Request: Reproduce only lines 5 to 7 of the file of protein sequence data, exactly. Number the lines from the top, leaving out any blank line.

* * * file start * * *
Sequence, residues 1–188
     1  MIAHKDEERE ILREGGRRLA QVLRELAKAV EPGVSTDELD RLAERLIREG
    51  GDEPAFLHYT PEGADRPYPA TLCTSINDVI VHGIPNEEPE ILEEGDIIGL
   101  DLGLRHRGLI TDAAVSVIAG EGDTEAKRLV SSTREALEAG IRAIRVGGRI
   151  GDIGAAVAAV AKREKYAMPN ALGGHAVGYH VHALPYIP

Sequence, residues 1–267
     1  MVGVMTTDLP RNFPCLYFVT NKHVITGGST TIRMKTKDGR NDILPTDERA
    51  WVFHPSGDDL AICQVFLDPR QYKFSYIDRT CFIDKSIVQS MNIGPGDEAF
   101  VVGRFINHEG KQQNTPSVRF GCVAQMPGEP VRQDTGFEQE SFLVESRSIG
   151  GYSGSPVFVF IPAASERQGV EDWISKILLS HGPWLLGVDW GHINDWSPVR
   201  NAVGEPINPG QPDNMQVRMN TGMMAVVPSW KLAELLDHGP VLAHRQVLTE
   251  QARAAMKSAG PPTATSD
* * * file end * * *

   151  GDIGAAVAAV AKREKYAMPN ALGGHAVGYH VHALPYIP

Sequence, residues 1–267
     1  MVGVMTTDLP RNFPCLYFVT NKHVITGGST TIRMKTKDGR NDILPTDERA